Memorandum by the Council of Mortgage
Lenders (EMP 57)
1. The Council of Mortgage Lenders welcomes
this opportunity to submit a memorandum to the House of Commons
Select Committee on Transport, Local Government and the Regions
Inquiry into Empty Homes.
2. The CML is the representative trade association
for mortgage lenders in the UK. Its 118 members are banks, building
societies, and other specialist mortgage lenders who together
undertake around 98 per cent of all residential lending in the
3. Key points:
Consequences of long-term empty homes
However, a certain level of vacant
properties are necessary to allow the housing system to function
Not all privately owned empty properties
The plans to allow householders to
retain their homes when moving into care and to charge costs against
their homes may increase the number of "empty" private
Difficult for lenders and/or local
authorities to take action if the property is in good repair and
mortgage is being paid;
Owners are often reluctant to let
In selected areas low demand may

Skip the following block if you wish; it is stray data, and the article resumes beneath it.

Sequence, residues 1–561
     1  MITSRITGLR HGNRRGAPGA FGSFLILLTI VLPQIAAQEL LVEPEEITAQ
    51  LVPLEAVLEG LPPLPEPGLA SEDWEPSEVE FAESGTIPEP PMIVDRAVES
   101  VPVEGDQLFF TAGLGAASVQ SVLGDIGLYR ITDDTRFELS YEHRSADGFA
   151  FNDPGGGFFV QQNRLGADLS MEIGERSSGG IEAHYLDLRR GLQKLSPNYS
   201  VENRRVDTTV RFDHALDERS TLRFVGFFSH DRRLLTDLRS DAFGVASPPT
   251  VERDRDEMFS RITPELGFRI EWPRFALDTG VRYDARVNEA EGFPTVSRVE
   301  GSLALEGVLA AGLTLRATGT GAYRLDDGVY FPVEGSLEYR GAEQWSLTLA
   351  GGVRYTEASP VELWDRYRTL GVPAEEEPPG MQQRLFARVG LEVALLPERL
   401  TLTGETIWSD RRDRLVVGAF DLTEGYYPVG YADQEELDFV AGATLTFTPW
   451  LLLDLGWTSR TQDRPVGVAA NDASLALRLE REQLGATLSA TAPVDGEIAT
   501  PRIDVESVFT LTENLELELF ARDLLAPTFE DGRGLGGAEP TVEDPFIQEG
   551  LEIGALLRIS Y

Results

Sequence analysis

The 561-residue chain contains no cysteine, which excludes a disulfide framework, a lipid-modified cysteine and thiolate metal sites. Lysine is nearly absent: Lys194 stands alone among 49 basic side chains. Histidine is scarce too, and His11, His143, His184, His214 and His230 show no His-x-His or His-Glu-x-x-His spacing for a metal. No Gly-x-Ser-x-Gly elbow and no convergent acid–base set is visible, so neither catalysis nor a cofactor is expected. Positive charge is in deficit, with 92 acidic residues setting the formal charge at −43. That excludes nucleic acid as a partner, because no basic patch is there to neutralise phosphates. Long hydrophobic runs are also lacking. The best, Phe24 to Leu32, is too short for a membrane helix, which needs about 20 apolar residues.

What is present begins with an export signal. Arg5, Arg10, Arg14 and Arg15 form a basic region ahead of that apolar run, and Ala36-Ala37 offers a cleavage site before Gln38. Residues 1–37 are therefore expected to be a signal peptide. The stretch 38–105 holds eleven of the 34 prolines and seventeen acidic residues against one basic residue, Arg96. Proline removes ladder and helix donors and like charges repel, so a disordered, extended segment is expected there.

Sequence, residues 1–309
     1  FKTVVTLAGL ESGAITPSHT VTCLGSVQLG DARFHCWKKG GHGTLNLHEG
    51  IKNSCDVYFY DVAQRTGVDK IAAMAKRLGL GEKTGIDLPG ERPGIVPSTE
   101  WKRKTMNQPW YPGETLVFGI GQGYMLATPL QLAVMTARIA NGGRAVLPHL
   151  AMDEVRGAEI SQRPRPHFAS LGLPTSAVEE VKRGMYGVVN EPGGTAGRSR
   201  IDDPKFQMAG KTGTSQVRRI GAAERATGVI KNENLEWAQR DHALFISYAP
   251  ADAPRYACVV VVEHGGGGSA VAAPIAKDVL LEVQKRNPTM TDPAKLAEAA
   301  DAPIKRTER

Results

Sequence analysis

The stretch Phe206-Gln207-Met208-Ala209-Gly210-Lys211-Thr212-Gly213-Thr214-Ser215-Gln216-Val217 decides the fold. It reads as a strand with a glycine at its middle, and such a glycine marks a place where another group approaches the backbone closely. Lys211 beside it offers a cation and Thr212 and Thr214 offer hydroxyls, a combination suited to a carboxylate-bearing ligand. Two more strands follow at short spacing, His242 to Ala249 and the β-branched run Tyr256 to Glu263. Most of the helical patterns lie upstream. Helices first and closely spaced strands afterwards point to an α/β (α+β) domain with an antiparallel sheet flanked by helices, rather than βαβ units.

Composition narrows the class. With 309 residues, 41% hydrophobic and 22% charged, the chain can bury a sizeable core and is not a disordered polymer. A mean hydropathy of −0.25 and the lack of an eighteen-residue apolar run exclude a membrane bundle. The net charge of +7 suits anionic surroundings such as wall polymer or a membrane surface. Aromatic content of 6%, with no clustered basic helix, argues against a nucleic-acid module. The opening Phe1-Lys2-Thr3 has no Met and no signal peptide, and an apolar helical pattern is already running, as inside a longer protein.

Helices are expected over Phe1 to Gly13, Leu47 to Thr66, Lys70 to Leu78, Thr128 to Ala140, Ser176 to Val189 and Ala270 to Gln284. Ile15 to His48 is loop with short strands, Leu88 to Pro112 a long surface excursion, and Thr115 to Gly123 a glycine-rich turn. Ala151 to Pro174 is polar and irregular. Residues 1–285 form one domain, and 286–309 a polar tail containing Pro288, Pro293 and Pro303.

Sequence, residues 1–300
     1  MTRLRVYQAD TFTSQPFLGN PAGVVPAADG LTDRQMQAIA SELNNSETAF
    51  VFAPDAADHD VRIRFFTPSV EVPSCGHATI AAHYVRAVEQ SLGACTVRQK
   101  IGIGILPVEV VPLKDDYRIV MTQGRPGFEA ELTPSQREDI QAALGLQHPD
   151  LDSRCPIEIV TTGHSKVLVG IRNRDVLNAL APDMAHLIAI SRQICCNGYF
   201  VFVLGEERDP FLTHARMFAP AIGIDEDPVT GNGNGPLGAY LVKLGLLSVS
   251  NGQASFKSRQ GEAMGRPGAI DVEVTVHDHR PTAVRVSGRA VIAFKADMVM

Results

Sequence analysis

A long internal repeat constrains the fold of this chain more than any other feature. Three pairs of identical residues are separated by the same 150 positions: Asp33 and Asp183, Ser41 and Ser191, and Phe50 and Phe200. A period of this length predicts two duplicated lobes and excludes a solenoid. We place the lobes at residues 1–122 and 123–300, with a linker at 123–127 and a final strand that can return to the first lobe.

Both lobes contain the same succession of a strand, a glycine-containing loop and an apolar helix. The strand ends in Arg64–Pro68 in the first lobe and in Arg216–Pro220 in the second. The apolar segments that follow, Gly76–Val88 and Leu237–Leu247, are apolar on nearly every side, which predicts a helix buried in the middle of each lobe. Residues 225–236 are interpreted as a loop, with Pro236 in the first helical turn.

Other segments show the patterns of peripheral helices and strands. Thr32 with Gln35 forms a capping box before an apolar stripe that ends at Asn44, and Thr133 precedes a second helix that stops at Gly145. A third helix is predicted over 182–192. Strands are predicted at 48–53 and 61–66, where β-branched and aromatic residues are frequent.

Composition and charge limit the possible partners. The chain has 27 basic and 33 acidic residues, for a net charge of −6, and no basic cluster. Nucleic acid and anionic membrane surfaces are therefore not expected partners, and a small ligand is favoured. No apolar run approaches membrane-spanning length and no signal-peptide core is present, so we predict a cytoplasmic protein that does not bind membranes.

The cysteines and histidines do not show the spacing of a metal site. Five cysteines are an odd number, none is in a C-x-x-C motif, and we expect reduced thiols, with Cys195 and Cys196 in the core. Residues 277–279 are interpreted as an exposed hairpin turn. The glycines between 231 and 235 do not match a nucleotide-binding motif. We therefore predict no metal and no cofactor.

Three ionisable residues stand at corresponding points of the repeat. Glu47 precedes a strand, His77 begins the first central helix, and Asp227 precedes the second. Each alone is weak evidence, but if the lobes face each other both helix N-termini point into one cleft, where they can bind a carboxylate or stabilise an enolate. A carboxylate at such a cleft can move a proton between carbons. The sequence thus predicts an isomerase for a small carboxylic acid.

also be a factor, often combined with negative equity;
Empty homes need to be addressed
as part of a wider housing strategy; and
Ways forward might encompass "Home
Swaps", further consideration of compulsory purchase orders,
financial incentives, and cuts in VAT for renovation.
4. Lenders are involved in all sectors of
the property market, not only owner occupied but also the private
rented sector and social housing. The Department for Transport,
Local Government and the Regions (DTLR) statistical data shows
that the majority of vacant properties are privately owned. The
consequences of empty homes are many. Large numbers of empty homes
can be a factor in inhibiting the regeneration of an area. Empty
housing increases the sense of decay and may encourage crime as
well as giving people more reasons for leaving the area (thus
exacerbating the problem). Even a single empty home can cause
problems. The Royal Institute of Chartered Surveyors estimates
that if you live next door to a long term empty home, your property
is likely to be devalued by at least 10 per cent.
5. It is inevitable though, that a number
of dwellings will be vacant at any one time to allow the housing
market to function effectively. Different data sources gave a
vacancy rate in the total housing stock of between 3.4 per cent
and 4.6 per cent in 1991. A higher rate may be justified now to